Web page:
Directed by: Steven Soderbergh
Premise: A dramatization of what could happen in the case of an international pandemic.
What Works: Contagion is an ambitious picture in that it attempts to have an epic scope without the look of an epic. The film literally travels all over the globe but its scenes are all essentially intimate. A fault of a lot of split narrative pictures, like Babel, is that the filmmakers try too hard to connect the storylines and the film ends up riddled with contrivances or coincidences. Contagion avoids that by allowing its characters a degree of isolation from each other. This film is intended to take the audience through humanity’s steps in coping with a highly contagious epidemic and in that it mostly succeeds, presenting a lot of expository information but doing so in an effective and streamlined way that does not lose sight of the human dimension. In its best moments, Contagion manages to keep its characters empathetic while also connecting them to the larger story. Credit for this is primarily due to the performers who do well all around but especially Matt Damon and Anna Jacoby-Heron as a father and daughter and Kate Winslet as a disease expert. Damon’s character gets some very challenging moments and he bears the emotional weight of almost the entire film. Jacoby-Heron has a similar challenge and Contagion has some great moments of familial love between the father and daughter but also frustration as the two of them are isolated together for the bulk of the pandemic. Kate Winslet plays a public health expert and more than any other official in the film she balances scientific expertise with the recognition of the human cost that this catastrophe will bring.
What Doesn’t: The problem with Contagion is that the film is spread too thin. There are just too many characters and a lot of talented actors are wasted in a film that does not give them anything to do. Many of the various subplots have no development and do not add anything to the story. Contagion might have gotten around this if it had used a found-footage approach like Paranormal Activity or Cloverfield since that filmmaking style tends to allow for shallow characterization. Contagion is also hurt by its casting. Although Contagion includes a number of great actors, many of them are high profile A-list movie stars such as Laurence Fishburne, Gwyneth Paltrow, Matt Damon, Jude Law, and Kate Winslet, and their presence is distracting. The film attempts to create a realistic scenario but the casting of so many familiar faces disrupts the film’s attempts at naturalistic filmmaking. The noise that these actors bring to Contagion is exacerbated by the thin storylines and the film plays more like a collection of cameos than an ensemble acting piece. Lastly, Contagion would benefit from a slightly nastier approach. Although the filmmakers behind of Contagion intend this to be a reputable mainstream piece, this picture is at least tangentially related to the zombie film and there are a number of scenarios and visuals borrowed from that genre. But Contagion is, ironically, a sanitized experience. It’s a movie about mass illness that doesn’t feature many sick people in it and it does not pick up on the primal fears of infection, the ugliness of disease, and un-glamorousness of the human body like horror pictures such as 28 Days Later or other disease-themed films like The Painted Veil.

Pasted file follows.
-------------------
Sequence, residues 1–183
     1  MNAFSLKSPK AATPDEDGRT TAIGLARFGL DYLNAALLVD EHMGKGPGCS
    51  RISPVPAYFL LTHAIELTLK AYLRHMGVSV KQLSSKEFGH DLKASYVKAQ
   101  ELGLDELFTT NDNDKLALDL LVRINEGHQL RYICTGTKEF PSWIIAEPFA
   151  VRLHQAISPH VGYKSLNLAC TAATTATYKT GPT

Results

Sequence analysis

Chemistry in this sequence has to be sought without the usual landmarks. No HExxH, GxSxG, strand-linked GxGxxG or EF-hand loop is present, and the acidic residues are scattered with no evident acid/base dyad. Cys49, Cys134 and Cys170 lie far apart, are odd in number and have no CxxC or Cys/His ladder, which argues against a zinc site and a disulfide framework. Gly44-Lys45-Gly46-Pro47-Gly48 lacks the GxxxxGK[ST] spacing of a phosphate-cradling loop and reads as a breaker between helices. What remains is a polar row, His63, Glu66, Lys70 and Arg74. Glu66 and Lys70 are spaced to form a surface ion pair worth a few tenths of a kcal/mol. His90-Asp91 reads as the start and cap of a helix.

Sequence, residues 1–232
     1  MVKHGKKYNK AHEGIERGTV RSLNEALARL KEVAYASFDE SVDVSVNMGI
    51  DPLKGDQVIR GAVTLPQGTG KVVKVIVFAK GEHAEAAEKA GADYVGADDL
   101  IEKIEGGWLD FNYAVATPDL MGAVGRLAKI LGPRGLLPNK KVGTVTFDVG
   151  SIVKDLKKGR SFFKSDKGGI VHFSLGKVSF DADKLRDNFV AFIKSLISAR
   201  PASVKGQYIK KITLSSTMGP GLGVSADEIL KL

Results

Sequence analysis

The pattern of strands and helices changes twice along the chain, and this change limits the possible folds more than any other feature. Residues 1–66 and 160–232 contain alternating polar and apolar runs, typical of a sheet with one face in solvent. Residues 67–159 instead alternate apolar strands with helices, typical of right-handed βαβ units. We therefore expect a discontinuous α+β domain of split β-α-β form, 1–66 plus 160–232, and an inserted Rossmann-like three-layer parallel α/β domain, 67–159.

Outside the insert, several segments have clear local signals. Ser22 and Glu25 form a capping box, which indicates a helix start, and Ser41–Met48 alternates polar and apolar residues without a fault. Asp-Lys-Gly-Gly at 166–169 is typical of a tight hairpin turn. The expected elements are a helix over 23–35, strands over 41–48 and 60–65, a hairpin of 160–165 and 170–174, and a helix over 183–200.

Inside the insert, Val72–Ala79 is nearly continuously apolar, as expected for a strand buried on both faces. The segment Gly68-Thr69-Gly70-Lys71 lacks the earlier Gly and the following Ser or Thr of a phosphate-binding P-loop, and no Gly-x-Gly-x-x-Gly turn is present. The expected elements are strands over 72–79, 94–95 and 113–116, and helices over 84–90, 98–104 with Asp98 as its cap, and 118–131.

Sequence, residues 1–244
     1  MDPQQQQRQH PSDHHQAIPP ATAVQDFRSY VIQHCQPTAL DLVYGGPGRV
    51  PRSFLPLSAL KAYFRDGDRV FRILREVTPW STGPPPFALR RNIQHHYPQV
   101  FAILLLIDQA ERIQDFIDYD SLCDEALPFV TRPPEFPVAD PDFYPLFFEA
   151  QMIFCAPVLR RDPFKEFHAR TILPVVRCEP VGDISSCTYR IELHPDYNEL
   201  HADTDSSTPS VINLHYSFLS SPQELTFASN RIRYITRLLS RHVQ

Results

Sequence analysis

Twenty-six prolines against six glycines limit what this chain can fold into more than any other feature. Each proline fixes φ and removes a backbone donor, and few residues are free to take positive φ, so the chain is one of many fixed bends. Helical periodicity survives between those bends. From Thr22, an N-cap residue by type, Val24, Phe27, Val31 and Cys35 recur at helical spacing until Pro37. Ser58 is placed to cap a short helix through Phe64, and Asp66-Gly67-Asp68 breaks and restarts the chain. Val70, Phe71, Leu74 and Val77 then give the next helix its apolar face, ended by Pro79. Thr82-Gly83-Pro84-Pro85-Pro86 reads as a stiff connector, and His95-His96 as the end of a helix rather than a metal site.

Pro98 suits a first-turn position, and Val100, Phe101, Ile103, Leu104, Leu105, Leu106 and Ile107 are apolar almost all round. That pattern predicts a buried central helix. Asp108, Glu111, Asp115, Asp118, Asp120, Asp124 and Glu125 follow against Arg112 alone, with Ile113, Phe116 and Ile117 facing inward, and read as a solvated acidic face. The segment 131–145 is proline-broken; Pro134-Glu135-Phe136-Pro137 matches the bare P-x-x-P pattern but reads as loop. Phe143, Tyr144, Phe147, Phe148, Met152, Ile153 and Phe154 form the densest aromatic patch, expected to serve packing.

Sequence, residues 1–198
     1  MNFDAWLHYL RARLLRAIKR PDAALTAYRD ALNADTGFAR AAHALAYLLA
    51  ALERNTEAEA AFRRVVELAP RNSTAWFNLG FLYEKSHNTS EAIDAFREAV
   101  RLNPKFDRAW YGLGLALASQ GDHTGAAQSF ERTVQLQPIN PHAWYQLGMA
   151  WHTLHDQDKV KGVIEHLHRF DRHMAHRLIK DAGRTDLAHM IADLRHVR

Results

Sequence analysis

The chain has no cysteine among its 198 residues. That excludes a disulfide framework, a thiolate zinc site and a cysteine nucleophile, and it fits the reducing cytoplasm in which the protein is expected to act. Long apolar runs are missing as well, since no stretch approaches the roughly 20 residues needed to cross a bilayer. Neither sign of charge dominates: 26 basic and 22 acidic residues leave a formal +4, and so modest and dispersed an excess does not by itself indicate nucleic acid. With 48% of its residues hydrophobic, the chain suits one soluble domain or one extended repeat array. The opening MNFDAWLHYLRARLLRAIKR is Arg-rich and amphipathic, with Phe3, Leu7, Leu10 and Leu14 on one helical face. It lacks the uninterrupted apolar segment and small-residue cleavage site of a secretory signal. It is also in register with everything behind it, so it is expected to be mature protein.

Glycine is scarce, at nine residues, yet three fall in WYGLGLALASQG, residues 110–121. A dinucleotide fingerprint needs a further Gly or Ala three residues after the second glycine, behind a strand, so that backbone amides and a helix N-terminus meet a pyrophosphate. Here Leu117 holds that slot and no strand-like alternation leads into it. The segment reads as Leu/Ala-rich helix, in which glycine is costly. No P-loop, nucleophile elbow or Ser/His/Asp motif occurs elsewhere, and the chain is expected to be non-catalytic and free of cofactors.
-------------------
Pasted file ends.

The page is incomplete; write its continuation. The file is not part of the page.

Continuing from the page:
Bottom Line: Contagion is a cinematic experiment as director Steven Soderbergh attempts to combine an A-list cast with a naturalistic scenario. In a way this is the contemporary equivalent of films like The Towering Inferno, but the casting negates in impact of the filmmaking style. Contagion would have done better with either a more traditional narrative structure or a found-footage approach that would have gotten the film around its thin characters.
Episode: #356 (September 18, 2011)